NEW YORK, NY.-
Aura Rosenbergs first major survey, What Is Psychedelic, fills the Mishkin Gallery of Baruch College in Manhattan and spreads across Pioneer Works in Red Hook, Brooklyn. It takes this much space to draw a thread through 50 years of her art: witty mashups of classicism, op-art, photography, abstract painting, appropriation and especially freewheeling collaborations with fellow artists, including Laurie Simmons, Louise Lawler, John Baldessari and Mike Kelley.
I hear youve been talking to my friends, Rosenberg teased at her Pioneer Works opening, looking every bit the wry New York artist in a black blazer, black pants and white sneakers. It was true. Id been on the phone with them all week friends who are also her gallerists, bandmates, family, collaborators all.
Everybody knows Aura, said Alaina Claire Feldman, the shows curator and director of the Mishkin Gallery. (In fact, Rosenberg was a witness at Feldmans marriage.) But not everybody has seen the depth of her work. Until now. The exhibition includes stoner paintings from the 1970s, an R-rated ceramic tile made with artist Mary Heilmann in the 80s; a sun-gold photo portrait from 1996 of Louise Lawlers son, Felix, made up by his mother like a wistful clown; chunks of marble decoupaged with monochrome pornography, from 2019. It looks like a group show, Feldman acknowledged, but behind every artwork, theres 40 or 50 more in the series.
Rosenberg was born in 1949 in New York City. She grew up in Washington Heights, a neighborhood nicknamed Frankfurt on the Hudson for its German-Jewish community. My parents were separated, she said. My mother liked to paint, but my father was the glamour figure. Her father had fled the Nazis in 39; he set up shop as a designer furniture-maker and would take Rosenberg to meet clients like Mark Rothko. Im sitting in a chair that he made, she said. Its the only comfortable piece of furniture in our house.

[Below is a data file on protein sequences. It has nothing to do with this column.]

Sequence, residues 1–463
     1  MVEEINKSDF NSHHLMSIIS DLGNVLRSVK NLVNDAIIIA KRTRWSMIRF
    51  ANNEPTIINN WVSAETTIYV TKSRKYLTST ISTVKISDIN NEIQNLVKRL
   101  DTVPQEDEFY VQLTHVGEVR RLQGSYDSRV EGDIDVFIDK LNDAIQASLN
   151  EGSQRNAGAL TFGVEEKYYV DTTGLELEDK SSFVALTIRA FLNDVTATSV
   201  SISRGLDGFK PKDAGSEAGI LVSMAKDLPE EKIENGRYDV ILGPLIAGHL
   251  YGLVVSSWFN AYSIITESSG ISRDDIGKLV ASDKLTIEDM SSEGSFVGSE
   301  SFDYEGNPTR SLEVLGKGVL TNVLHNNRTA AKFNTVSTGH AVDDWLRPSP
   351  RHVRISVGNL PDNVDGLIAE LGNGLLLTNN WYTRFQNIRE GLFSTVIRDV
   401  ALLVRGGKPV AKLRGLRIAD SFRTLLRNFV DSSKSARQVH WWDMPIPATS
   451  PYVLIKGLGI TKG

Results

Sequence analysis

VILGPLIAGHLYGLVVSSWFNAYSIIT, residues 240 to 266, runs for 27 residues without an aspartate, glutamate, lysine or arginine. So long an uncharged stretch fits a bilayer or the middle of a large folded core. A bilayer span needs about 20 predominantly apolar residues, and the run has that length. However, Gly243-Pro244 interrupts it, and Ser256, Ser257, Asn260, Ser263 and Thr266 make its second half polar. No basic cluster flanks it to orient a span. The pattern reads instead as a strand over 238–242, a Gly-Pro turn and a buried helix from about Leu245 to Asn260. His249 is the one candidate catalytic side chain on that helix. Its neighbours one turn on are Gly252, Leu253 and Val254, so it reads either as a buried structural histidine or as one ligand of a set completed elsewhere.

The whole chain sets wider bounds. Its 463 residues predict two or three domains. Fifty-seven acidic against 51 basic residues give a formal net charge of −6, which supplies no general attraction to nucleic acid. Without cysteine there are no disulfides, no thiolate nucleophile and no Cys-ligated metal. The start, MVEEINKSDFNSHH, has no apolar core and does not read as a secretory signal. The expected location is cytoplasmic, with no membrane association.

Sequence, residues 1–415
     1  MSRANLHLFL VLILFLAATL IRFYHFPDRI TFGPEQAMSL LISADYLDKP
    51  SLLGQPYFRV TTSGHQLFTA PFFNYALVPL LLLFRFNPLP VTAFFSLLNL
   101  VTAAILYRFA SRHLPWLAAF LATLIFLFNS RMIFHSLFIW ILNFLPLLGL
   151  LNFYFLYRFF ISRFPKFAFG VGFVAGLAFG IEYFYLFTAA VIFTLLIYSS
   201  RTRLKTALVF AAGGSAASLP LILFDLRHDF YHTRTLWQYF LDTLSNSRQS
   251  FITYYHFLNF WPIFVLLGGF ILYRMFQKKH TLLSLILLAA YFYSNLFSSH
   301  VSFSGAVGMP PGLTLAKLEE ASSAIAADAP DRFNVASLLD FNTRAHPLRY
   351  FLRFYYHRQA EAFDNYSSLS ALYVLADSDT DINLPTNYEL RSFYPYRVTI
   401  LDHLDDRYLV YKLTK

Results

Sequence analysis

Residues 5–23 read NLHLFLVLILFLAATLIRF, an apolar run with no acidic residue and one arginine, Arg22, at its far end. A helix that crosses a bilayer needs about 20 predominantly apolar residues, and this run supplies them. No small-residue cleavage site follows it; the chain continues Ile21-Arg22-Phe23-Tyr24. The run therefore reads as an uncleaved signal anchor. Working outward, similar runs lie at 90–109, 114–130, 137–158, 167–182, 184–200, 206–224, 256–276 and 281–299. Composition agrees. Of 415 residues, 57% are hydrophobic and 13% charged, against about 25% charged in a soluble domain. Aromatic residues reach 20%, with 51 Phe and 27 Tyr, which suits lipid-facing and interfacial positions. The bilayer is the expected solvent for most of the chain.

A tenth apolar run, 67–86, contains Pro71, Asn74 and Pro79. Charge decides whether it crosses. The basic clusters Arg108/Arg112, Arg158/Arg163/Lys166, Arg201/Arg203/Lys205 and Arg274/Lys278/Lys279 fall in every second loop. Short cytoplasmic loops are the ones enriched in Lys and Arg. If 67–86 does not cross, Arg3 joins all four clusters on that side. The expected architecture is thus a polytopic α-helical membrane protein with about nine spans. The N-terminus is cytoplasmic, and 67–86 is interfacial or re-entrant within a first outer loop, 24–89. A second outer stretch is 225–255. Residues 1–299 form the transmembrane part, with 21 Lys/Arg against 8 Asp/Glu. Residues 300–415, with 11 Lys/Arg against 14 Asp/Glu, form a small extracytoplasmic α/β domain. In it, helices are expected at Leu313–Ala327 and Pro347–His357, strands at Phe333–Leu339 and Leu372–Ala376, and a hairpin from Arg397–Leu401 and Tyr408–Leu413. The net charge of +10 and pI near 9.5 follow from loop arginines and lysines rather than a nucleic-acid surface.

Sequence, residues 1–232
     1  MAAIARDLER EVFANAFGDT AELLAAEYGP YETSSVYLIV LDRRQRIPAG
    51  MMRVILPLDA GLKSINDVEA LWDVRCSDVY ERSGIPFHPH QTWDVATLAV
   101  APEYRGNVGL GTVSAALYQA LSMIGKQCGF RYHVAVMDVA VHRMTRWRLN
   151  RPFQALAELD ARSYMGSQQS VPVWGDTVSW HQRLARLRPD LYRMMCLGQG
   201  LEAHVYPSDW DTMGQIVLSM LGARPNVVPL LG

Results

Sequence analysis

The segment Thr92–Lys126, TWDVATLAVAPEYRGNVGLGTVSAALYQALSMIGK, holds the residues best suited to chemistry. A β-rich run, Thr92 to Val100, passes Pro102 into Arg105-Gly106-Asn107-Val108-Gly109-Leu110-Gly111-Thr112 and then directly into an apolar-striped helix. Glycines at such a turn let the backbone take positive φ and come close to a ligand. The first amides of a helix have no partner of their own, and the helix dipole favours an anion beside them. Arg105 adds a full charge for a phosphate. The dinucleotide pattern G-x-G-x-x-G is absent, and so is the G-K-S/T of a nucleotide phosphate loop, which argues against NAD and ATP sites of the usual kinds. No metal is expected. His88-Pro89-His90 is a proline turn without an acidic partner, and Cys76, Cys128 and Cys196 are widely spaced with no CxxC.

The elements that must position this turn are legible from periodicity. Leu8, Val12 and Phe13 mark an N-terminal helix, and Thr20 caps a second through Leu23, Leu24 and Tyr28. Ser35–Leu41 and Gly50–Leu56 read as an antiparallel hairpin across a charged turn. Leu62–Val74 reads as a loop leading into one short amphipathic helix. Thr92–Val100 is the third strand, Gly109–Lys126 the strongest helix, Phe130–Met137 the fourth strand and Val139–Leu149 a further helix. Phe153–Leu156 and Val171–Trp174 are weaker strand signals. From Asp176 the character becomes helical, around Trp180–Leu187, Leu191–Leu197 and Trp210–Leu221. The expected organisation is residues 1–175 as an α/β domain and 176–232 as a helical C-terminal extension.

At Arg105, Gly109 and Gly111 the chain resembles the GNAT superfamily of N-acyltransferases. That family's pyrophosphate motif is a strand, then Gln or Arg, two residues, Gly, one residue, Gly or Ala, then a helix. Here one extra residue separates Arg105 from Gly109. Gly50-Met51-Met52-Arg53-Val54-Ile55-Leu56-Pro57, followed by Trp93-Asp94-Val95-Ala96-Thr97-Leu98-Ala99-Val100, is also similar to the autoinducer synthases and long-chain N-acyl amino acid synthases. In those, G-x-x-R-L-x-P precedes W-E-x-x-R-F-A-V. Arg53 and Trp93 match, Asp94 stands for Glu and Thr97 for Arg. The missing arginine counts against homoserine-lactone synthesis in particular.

As an undergraduate at the City College of New York and later Sarah Lawrence College, Rosenberg painted in a German expressionist style. I just lucked out, she said, because the person teaching her survey course in art history was Marcia Tucker, founding curator of the New Museum, who nudged her toward the fledgling Whitney Independent Study Program in 1970. Rosenberg tells the story of her artistic breakthrough, or breakdown: Richard Artschwager, a visiting artist, indicated one of Rosenbergs washy canvases and asked aloud why anyone would make such a thing. The room started spinning, she remembers, because until then, all my instruction had been more like, Put a little more red down here. But this was questioning the very basis of what I was doing.
She kept asking that question of herself. In 1973, while earning a masters degree at Hunter College, she painted what is now the oldest work in the survey, and its namesake: pinwheels of flower-power purple and red pigment built up around the phrase What Is Psychedelic, lettered in rough, teal-stained canvas.
Rosenberg met her husband, artist John Miller, at Hallwalls, a gallery in Buffalo, New York, run by the Pictures Generation power couple Cindy Sherman and Robert Longo. They didnt start dating until 1986, when they connected at a Whitney Independent Study Program alumni event at the museum. There was a country western band playing in the courtyard, she remembers. We danced all night together.
Their daughter, Carmen Rosenberg-Miller, was born in 1989. In 1991, her center of gravity shifted again when Miller accepted a fellowship in Berlin. The war remained in living memory, and Rosenberg was apprehensive about moving to Germany. But we made a lot of friends quickly, Miller said, and weve been back every year for 30 years.
Stirred by the newly reunified city and its dark legacy, Rosenberg began a project based on Berlin Childhood Around 1900, a memoir by philosopher Walter Benjamin (German Jewish, like the artist), written while fleeing the Nazis. Rosenberg began taking Rosenberg-Miller to the places Benjamin describes and photographing them. This communion with a dead writer grew to involve his living descendants when Benjamins granddaughter, Chantal Benjamin, saw Rosenbergs work in an exhibition. They became friends. With Cologne, Germany-based artist Frances Scholz, theyre producing a series of videos set to passages from Benjamins book read by Lais Benjamin Campos, the writers great-granddaughter.